Dec. 05, 1966
Dec. 05, 1966

Table of Contents
Dec. 5, 1966

Catered Affair
Rampaging Cowboys
Chasing Girls
  • That was the sport in St. Louis last week, where 107 female distance runners pursued each other for a mile and a half in an effort to win the women's cross-country championship and a little recognition

Cleve's Payday
College Football
  • In the last big week of the season Notre Dame bounced back to make a strong claim to be the nation's No. 1 team, even as Alabama's Bear Bryant was putting in a pitch on behalf of his unbeaten Southern powerhouse. The Southwest Conference, after a year of upsets, finally got a clear-cut champion in SMU, but anxious bowl promoters had no such luck. Three of their chosen teams went down in defeat, with Nebraska's superstitious Cornhuskers (below) making the loudest crash of all

19th Hole: The Readers Take Over


Jim Hogan, 33, Of County Limerick, Ireland, set a world's record of 1:32:25.4 for the 30,000-meter run despite complaining before the start, "The track, the weather—everything's all right except me." Forty-seven people watched the record run.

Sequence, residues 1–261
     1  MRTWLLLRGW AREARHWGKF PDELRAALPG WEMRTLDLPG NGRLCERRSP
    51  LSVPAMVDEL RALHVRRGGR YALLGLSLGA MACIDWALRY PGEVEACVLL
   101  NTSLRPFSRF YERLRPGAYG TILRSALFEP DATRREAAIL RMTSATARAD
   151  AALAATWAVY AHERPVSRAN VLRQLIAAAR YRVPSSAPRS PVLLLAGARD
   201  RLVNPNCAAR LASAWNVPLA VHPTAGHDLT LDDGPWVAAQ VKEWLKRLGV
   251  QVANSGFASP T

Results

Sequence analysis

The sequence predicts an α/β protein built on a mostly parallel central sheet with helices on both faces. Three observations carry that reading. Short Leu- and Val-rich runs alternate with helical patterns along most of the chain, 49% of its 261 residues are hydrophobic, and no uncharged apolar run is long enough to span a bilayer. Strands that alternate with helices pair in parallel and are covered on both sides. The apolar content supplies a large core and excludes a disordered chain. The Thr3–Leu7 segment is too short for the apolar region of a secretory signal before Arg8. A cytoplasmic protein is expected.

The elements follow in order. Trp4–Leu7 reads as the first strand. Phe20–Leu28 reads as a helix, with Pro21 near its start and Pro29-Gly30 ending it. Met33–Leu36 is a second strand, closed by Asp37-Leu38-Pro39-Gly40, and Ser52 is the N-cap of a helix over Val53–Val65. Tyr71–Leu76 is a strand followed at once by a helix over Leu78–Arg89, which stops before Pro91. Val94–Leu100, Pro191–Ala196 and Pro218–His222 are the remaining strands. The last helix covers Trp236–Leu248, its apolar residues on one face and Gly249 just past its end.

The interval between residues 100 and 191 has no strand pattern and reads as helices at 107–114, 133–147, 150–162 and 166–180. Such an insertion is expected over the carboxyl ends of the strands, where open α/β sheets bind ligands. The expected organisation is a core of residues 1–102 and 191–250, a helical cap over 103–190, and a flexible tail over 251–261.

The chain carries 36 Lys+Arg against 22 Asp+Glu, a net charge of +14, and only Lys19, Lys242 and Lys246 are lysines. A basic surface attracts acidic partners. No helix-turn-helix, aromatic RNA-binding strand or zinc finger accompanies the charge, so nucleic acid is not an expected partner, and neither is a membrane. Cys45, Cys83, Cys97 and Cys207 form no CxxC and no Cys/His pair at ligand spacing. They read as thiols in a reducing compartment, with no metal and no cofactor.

This is an article from the Dec. 5, 1966 issue Original Layout

Billy DuPre, 17, of Columbia, S.C., 5 feet 5, 135 pounds, who kicks soccer-style, booted seven field goals for A.C. Flora High School, including 50- and 46-yarders. He also missed just two of 23 extra-point tries—and one was caused by a bad snap from center.

Frank Boyd, 71, a lanky, retired civil engineer from Santa Maria, Calif., won the first USLTA-sanctioned tournament for players 70 or over by defeating E.H. Bashor, 77, of San Mateo, in the all-septuagenarian singles final, 6-1, 6-3, in Santa Barbara.

Henry H. Zeckser, 67, of Seattle, a retired postal official who took up golf at the age of 50, needed only 16 putts in 18 holes at the municipal Jackson Park (Seattle) course. He chipped in on two holes and one-putted the rest (the PGA tour record is 19 putts).

Mary Anne Sezak, 14, of Orono, Me., won an age-group state hunter seat equitation title and became the first recipient of the Lisa Beth Galbreath Memorial Trophy. She is a student of Captain Alex Solorzano, former member of Ecuador's Equestrian Team.

Steve Hall, 11, of Newtown, Ohio, who started shooting with a bow and arrow just three months ago, used a 35-pound bow to bring down an eight-point, white-tailed buck from a tree blind in southern Ohio's Pike County on the second field trip of his life.